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Are we about to see the opening shots of a third world war? Hopefully cool heads will prevail

Tom Clonan analyses the case for the US to send a message with airstrikes in Syria – but the consequences could be far-reaching and costly.

Tom Clonan

EUROPE’S AIR TRAFFIC control agency, Eurocontrol, has warned airlines to avoid airspace in the Eastern Mediterranean due to the danger of missile attacks in the coming days. As President Trump warns of imminent airstrikes in Syria and Russia threatens retaliation, what can we expect to happen in the coming days?

To begin with, US airstrikes are nothing new within Syria. Since 2014, the United States has committed significant military assets to support a coalition of military groups opposed to President Bashar Al Assad’s regime in Damascus. This coalition of groups – ranging from Kurdish elements to Sunni militias – are known collectively as the SDF, or Syrian Democratic Forces.

At present, the US has approximately 2,000 ground troops consisting of special forces, artillery and forward air support personnel within Syria. These troops are providing command and control and tactical ground and air support to dwindling SDF operations predominantly in northern Syria, east of the Euphrates River.

Since 2014, the US has committed $14 billion to its military efforts to oust President Assad’s regime. This has included $13 million per day – every day – over four years in constant rolling airstrikes against Assad’s Syrian Arab National Army (SANA). This costly and drawn out military campaign has succeeded in destroying Islamic State’s so-called caliphate within Syria, but it has failed completely to damage Assad’s regime.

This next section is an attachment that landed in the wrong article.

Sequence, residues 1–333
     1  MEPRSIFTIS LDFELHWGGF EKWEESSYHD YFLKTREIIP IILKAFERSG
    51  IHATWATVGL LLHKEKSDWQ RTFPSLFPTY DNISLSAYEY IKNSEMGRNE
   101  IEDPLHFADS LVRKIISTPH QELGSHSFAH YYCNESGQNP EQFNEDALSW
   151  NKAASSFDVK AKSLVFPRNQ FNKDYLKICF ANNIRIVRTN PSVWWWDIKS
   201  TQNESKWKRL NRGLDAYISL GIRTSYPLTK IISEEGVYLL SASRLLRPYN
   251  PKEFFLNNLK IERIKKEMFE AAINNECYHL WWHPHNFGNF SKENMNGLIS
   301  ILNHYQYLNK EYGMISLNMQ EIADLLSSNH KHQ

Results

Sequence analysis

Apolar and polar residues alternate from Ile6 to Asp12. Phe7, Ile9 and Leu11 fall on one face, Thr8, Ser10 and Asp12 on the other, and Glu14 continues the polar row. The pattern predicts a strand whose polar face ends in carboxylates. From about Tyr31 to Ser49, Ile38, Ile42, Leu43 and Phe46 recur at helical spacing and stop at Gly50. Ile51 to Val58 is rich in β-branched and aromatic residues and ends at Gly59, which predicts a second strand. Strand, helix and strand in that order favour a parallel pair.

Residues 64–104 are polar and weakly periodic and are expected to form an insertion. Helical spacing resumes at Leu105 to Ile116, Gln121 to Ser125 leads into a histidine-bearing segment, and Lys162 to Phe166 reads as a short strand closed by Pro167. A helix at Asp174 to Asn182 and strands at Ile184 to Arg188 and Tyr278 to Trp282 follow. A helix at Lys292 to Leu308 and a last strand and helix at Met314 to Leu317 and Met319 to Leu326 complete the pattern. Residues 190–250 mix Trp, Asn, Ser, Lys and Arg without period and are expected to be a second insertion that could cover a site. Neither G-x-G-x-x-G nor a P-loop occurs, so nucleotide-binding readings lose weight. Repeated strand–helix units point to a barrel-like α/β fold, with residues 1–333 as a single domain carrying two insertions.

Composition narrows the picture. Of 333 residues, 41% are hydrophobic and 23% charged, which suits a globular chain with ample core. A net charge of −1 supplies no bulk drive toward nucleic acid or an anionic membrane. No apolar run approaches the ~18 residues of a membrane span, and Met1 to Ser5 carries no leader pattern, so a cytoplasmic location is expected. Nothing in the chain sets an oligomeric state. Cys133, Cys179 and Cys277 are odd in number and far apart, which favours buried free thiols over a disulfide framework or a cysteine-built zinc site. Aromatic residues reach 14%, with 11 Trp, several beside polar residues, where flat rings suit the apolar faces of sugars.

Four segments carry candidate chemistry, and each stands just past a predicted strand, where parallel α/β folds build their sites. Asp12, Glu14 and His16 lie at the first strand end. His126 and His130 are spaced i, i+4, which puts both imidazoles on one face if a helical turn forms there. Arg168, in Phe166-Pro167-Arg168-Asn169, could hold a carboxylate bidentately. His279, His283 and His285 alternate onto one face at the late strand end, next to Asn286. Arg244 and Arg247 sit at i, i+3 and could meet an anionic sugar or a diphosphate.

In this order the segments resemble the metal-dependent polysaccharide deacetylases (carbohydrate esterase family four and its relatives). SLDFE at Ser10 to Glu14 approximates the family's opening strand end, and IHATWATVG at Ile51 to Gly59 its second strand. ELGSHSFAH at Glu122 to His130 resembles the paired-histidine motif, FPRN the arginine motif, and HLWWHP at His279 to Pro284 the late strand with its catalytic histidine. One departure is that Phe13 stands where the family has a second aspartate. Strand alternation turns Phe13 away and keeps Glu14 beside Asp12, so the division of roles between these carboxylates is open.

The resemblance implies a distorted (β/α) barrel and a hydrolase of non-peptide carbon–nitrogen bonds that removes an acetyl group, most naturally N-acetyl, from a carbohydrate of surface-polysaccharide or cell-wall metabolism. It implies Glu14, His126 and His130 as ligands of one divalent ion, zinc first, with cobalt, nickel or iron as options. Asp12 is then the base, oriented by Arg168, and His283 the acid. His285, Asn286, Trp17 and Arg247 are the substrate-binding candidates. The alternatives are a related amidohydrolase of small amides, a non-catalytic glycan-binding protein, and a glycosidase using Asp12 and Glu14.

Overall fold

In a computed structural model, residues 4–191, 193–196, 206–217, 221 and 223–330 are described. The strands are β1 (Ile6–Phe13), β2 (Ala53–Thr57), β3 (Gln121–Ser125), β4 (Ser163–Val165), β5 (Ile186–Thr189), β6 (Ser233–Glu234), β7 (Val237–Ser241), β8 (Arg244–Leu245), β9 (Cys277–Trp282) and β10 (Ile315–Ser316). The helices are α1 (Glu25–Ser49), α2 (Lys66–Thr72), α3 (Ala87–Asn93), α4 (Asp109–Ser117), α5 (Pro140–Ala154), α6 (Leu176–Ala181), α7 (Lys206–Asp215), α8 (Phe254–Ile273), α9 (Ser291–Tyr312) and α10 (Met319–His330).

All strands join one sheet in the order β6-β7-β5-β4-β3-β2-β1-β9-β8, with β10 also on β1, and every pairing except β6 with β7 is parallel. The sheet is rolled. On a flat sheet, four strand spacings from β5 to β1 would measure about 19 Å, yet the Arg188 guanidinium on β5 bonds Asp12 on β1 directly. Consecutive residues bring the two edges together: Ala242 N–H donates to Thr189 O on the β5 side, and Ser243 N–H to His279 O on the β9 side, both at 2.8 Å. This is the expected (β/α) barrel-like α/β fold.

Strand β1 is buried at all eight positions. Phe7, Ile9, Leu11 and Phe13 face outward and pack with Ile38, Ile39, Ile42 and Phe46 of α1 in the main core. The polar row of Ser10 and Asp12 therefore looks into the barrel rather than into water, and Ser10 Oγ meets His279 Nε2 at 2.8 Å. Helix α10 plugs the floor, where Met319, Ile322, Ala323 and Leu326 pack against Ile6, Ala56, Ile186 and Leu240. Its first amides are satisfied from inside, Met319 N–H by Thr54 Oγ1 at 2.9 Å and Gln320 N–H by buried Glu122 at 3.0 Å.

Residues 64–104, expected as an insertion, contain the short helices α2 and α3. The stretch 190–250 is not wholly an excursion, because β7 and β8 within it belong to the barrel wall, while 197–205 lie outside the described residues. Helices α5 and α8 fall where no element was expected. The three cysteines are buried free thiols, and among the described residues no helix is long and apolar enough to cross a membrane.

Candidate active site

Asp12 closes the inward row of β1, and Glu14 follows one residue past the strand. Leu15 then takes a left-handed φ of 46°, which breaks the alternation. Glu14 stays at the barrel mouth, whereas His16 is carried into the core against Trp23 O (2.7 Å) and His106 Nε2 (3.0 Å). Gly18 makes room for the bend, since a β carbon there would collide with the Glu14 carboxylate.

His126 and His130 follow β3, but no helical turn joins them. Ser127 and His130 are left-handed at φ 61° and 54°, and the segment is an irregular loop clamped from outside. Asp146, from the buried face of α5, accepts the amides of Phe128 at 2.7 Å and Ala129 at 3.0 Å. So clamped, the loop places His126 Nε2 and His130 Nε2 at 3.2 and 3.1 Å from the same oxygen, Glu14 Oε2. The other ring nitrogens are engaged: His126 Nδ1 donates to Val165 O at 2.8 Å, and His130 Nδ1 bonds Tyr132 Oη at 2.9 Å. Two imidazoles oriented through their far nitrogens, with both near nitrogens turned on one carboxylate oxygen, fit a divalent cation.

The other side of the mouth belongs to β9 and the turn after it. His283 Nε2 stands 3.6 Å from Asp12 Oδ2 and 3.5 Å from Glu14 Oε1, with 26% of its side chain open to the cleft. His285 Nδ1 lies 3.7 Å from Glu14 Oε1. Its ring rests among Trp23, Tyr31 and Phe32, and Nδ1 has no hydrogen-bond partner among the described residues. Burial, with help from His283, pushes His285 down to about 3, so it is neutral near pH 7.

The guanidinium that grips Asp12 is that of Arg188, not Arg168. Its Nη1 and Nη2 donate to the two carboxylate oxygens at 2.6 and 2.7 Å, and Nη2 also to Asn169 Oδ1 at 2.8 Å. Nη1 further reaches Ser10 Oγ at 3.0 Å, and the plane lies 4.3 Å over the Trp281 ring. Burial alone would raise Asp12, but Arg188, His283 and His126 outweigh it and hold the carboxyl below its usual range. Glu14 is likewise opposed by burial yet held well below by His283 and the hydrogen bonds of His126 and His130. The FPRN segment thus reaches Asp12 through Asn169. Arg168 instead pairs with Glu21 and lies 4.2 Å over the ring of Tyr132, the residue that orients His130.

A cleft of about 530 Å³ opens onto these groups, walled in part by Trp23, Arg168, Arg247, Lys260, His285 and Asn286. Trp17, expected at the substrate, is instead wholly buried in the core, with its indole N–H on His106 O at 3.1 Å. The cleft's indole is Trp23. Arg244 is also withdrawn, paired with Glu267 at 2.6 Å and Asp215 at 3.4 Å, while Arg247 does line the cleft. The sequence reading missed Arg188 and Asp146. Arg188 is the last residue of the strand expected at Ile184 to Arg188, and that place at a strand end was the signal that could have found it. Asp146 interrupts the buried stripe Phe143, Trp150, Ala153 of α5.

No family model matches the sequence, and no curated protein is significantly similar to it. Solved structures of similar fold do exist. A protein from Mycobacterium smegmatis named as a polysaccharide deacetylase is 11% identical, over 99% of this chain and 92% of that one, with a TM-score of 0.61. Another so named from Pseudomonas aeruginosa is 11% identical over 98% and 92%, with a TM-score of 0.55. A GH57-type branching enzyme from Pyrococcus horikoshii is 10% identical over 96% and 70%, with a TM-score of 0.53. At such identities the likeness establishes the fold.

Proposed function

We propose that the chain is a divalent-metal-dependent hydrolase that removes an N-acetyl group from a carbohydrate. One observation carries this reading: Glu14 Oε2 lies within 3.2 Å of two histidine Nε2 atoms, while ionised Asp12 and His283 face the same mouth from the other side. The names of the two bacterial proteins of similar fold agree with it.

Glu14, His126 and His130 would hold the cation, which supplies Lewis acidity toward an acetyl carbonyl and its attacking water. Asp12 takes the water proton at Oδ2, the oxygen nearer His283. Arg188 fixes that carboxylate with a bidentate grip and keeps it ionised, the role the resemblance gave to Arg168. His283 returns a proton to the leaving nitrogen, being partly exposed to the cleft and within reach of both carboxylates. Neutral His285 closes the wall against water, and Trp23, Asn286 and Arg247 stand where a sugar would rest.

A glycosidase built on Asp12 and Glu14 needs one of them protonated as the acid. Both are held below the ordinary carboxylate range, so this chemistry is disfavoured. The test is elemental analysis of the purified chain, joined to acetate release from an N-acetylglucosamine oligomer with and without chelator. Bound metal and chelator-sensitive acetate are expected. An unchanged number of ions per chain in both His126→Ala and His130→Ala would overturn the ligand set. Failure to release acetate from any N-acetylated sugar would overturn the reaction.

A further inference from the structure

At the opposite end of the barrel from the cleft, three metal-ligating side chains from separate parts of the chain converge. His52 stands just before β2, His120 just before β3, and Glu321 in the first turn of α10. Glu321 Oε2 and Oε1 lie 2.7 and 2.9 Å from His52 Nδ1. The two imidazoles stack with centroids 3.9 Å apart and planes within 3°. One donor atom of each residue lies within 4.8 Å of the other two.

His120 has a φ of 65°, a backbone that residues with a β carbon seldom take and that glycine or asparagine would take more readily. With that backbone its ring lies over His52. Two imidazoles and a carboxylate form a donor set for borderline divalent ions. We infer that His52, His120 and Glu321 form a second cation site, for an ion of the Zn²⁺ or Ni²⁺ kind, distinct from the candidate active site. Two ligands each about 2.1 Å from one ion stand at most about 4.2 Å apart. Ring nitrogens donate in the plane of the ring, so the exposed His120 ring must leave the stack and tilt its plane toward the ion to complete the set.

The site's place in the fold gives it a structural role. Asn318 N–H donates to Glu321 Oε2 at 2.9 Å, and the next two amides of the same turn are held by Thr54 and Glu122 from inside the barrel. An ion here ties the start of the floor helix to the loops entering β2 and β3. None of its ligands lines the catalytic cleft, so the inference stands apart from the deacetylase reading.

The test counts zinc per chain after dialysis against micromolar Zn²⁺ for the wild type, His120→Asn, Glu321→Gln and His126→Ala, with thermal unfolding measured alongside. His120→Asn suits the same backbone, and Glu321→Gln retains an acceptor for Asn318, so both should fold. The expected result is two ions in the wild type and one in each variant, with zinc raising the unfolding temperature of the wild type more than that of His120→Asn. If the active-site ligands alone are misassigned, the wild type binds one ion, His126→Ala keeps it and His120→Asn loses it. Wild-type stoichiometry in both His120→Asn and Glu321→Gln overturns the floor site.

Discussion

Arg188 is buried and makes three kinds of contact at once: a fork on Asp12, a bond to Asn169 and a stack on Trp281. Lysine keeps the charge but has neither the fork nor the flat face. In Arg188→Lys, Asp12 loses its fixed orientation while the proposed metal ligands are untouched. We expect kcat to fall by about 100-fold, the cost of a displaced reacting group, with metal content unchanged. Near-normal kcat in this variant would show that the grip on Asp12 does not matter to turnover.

A bloody and merciless civil war

On the contrary, President Assad and the Syrian Arab National Army have retaken approximately 75% of Syria’s territory in a bloody and merciless civil war. Vladimir Putin and Russian forces have been instrumental in ensuring that President Assad – along with his Hezbollah and Iranian allies – have effectively won the war in Syria. Since 2015, Putin has provided Assad’s regime with Russian air force jets and helicopters in close support operations to besiege, bombard and destroy rebel held towns and cities throughout Syria.

As each rebel stronghold has been destroyed – with enormous civilian casualties – Assad has stitched together a patchwork quilt of government-controlled territories and corridors throughout Syria to the extent that he now controls almost all of its territory.

Putin’s support for Assad was a game-changer in this vicious civil war. With the fall of Douma at the weekend – with the alleged use of chemical weapons there – it is effectively game over for Syria’s armed opposition, the SDF. It also signals the end of any realistic military options for the United States within Syria. It is against this background that the Trump administration has announced its intention to launch a new round of air strikes against the regime.